Thursday, August 1, 2013

How Do You Do It?

I just have a question for all you marathoners out there. How do you do it?

Not the running part. That bit's pretty straight forward. One foot in front of the other. Left foot, right foot repeat until you get to the end of the run.

No, I mean all the rest of life PLUS the running part. I think I forgot from three years ago just how tired all those extra kilometres can make you.

My training's really bumped up in the last couple of weeks. No longer am I getting those cruisy 50k+/- weeks. My numbers are more in the late 60k range and will be pushing over 70k before too long. I know these distances aren't particularly extraordinary for marathon training. They are probably along a more conservative line. But for me they're pretty significant.

In the last week I've clocked about 66k and after my 17k (which was supposed to be 16 but it was a new route and what's an extra kilometre in the scheme of things) I was tired. But I still had a whole day ahead and there were things that really had to get done.

Like shopping. Things can get pretty hairy around here if there's no food and four hungry males. And I get pretty sick of hearing 'there's nothing to eat' (rubbish, even when I haven't shopped the pantry and freezer still are pretty full) and 'what can I make for dinner?' (to which I internally scream - use your own brain and make a decision). To say nothing of stomach growls that are so loud that they drown out the cooking shows that I like to watch. So after making myself a little presentable (ie waiting till my face was a less disturbing shade of red and showering off some of the sweat, salt and stench) I dragged my tired legs over to the grocery store.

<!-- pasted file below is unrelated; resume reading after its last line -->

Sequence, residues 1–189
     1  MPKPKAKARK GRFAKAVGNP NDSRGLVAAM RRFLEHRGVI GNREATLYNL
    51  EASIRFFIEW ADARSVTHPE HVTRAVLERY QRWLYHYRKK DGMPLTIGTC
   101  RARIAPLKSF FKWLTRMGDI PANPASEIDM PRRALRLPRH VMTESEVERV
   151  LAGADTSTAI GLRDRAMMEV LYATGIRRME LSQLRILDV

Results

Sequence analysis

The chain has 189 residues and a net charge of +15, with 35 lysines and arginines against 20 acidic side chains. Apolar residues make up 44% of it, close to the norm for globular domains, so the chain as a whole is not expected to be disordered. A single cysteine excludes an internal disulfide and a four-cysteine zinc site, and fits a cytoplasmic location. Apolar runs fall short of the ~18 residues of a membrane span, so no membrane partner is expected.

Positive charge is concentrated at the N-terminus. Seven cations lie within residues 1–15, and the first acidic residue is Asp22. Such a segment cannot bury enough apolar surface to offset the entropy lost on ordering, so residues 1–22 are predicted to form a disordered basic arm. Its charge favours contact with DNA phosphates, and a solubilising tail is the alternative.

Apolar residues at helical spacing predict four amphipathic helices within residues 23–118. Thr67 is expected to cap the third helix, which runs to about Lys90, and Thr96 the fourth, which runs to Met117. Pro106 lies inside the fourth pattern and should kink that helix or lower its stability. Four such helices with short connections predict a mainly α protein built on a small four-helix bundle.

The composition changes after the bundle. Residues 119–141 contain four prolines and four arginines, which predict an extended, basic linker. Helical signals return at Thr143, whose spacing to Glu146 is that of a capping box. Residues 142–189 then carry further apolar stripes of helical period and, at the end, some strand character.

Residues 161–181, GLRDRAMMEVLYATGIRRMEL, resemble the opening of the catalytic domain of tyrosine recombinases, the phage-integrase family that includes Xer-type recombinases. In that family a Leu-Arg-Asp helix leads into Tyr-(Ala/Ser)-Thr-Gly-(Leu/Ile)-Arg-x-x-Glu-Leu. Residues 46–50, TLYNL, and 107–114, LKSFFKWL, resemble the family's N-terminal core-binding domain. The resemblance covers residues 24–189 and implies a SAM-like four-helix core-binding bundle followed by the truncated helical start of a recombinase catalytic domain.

My usual grocery store has just undergone a transplant. It's been totally moved from its location of many decades in the shopping centre. And they've re-arranged the layout of the store.

I have enough trouble shopping when they just change the packaging of what I usually buy or change its position on the shelf. Changing the whole shop has not improved my shopping abilities or my disposition. And to do it when I'm training for a marathon borders on the 'cruel and unusual'. Heaven knows why they didn't consult me when they were planning this move. It would have suited me a lot better to do it a month or so ago or some time after the middle of October.